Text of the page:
wingman brewers

Wingman Brewers Eyeing October Expansion

by Casey McLain, South Sound Bureau Chief

In a growing beer scene in Washington, and especially the Tacoma beer scene, Wingman Brewers personifies the evolution of the modern micro or nanobrewery, both in terms of their beer as a creative outlet that competes with the best beer in Washington, as well as the inherent bottlenecks and pitfalls.

One of those pitfalls, and unarguably the better end of the spectrum to be on, is that small breweries have a hard time supplying their customers’ figurative and literal thirst for their products. Wingman Brewers is no different, and after a move to the Dome District in Tacoma, the opening of a tap room, and a huge increase in popularity, I sat down with Ken Thoburn, head brewer and part-owner of Wingman over a couple pints and talked about their upcoming two-stage expansion from their present one-barrel system, and a couple other topics that may show up in future articles, as well as some topics that will never grace these hallowed pages.

Ken on capacity:

“I average between three and five barrels per week, sometimes I can do six. If one week I did a bunch of IPAs, the next week I’m dry hopping those IPAs and I don’t have the capacity to brew as much as I would in other weeks. Our first year we did over 90 barrels, our second year we did over 180. Close to 200. I was shooting for that. If you count the beer I brewed at other breweries it was over 200.”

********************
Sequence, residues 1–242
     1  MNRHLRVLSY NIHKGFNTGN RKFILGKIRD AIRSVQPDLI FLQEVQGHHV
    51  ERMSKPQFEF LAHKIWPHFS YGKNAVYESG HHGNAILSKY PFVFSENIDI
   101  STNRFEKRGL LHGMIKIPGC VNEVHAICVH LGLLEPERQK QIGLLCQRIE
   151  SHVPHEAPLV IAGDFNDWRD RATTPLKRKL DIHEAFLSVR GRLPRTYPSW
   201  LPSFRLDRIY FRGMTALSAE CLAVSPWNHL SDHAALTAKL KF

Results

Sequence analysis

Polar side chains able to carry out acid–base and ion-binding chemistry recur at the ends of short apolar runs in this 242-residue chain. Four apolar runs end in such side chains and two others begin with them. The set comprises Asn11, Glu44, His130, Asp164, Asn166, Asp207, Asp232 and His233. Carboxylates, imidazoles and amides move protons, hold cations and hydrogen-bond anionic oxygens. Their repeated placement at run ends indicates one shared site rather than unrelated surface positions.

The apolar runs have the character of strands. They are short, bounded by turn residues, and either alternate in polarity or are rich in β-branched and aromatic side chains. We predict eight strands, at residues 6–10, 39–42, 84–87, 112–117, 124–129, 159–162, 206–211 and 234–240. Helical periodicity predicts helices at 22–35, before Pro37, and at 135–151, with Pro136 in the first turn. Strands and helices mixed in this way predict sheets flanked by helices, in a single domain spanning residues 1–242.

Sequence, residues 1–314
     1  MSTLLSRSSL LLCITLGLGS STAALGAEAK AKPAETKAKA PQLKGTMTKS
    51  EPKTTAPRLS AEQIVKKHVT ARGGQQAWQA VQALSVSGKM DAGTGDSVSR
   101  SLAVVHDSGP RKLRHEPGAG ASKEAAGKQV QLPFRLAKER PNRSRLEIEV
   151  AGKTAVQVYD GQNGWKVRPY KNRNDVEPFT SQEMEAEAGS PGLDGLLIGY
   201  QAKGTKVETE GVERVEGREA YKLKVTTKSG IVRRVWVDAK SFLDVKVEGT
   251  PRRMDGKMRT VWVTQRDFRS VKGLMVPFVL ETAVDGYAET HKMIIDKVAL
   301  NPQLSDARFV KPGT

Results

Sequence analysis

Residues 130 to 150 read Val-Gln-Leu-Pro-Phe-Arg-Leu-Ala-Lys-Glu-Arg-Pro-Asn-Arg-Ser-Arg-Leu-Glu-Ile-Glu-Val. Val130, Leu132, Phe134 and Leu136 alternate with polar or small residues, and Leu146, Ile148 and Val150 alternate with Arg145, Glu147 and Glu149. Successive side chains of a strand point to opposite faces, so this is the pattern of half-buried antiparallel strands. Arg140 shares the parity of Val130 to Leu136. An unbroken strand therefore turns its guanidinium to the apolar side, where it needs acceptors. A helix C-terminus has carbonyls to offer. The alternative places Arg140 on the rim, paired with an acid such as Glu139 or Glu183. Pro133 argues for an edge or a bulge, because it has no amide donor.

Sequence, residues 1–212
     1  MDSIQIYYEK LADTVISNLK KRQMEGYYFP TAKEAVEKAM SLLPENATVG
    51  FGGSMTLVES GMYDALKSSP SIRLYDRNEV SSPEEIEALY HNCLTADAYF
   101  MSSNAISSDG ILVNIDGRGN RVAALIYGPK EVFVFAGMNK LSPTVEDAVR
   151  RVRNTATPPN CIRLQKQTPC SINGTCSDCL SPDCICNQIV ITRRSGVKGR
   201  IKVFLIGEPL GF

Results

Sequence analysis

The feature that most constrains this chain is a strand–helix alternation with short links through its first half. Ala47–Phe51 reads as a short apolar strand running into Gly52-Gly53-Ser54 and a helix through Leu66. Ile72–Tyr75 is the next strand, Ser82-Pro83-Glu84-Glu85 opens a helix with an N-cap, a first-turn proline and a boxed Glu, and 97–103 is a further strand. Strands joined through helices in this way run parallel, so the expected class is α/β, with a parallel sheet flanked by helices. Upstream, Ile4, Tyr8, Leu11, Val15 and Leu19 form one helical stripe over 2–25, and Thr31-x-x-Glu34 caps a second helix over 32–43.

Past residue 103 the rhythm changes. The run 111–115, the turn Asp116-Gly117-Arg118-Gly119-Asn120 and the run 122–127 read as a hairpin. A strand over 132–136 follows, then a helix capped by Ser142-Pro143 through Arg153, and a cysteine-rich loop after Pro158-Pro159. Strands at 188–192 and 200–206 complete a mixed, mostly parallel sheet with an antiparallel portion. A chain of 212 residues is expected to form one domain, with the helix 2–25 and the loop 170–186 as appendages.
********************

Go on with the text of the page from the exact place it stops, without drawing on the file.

Ken on the planned expansion:

“We’re getting a seven-barrel system. We’ve been seriously kicking around the idea of getting a seven or ten-barrel system for over a year now. We just didn’t have the money set up the way we wanted, so we waited, and thought about different financing while we got our credit better, because sub-prime lending blows. The estimated time of arrival for our new system is October. We’re getting a seven-barrel system, two 15-barrel fermenters, and a 15-barrel bright tank. This way we’ll be able to do more bottling and canning in house, because we’d like to put more brands in cans and bottles.”

Ken’s views on the saturation of breweries in the Washington market:

“A lot of brewers are just eating it now, with like 15 percent interest on loans. There are too many places that think breweries are the same as restaurants, and too high of a risk. At some point breweries might be, but I don’t think we’ve reached that saturation point. Last year craft brewers in Washington produced about a million barrels, and craft beer sales were about three million barrels. If people want to drink local beer, I think it could tip to about two-thirds Washington beer. Maybe we could have twice as many breweries. We could see more small breweries, up to ten-barrels, that only have to produce for their own tap room. I mean, how many bars are there? Are breweries going to put bars out of business? I don’t know.”

Ken on how expansion will effect Wingman’s creativity and tap rotation:

“We have five taps that we reserve for our beer. Once we have the seven-barrel system we will still brew on the one-barrel system. That’s my test kitchen and that’s what I want to use it for. One barrel at a time; we still make enough money brewing in small batches.”

Ken on Wingman’s ability to expand their distribution radius:

“We don’t know, would be the best answer. We’re hoping that, with our [new] system, initially we’ll be able to do all of Western Washington and some of Eastern Washington. Ultimately we’d like to do all of Washington and Oregon.”


About Casey McLain: Casey is better known as a sports blogger, writing his own sports blog (North and South of Royal Brougham) and contributing to Prospect Insider. He also harbors a deep passion for beer.

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